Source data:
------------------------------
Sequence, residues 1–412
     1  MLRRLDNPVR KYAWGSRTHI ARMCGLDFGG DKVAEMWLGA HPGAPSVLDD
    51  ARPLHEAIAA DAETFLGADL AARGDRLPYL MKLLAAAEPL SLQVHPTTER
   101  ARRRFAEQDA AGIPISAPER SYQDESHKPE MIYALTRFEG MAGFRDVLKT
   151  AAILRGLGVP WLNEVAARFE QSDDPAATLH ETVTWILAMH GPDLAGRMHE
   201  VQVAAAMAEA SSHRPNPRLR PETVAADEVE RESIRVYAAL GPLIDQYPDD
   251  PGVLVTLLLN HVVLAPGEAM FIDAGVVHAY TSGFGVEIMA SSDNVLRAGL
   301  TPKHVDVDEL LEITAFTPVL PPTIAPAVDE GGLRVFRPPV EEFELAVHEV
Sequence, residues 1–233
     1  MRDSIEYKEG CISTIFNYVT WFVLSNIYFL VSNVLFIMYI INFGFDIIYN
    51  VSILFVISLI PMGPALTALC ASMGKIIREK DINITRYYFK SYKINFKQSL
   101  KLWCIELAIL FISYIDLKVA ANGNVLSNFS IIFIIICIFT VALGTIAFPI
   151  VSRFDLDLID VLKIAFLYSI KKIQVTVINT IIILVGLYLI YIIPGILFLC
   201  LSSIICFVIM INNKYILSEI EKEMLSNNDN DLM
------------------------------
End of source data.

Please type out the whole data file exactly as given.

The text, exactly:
Sequence, residues 1–412
     1  MLRRLDNPVR KYAWGSRTHI ARMCGLDFGG DKVAEMWLGA HPGAPSVLDD
    51  ARPLHEAIAA DAETFLGADL AARGDRLPYL MKLLAAAEPL SLQVHPTTER
   101  ARRRFAEQDA AGIPISAPER SYQDESHKPE MIYALTRFEG MAGFRDVLKT
   151  AAILRGLGVP WLNEVAARFE QSDDPAATLH ETVTWILAMH GPDLAGRMHE
   201  VQVAAAMAEA SSHRPNPRLR PETVAADEVE RESIRVYAAL GPLIDQYPDD
   251  PGVLVTLLLN HVVLAPGEAM FIDAGVVHAY TSGFGVEIMA SSDNVLRAGL
   301  TPKHVDVDEL LEITAFTPVL PPTIAPAVDE GGLRVFRPPV EEFELAVHEV
Sequence, residues 1–233
     1  MRDSIEYKEG CISTIFNYVT WFVLSNIYFL VSNVLFIMYI INFGFDIIYN
    51  VSILFVISLI PMGPALTALC ASMGKIIREK DINITRYYFK SYKINFKQSL
   101  KLWCIELAIL FISYIDLKVA ANGNVLSNFS IIFIIICIFT VALGTIAFPI
   151  VSRFDLDLID VLKIAFLYSI KKIQVTVINT IIILVGLYLI YIIPGILFLC
   201  LSSIICFVIM INNKYILSEI EKEMLSNNDN DLM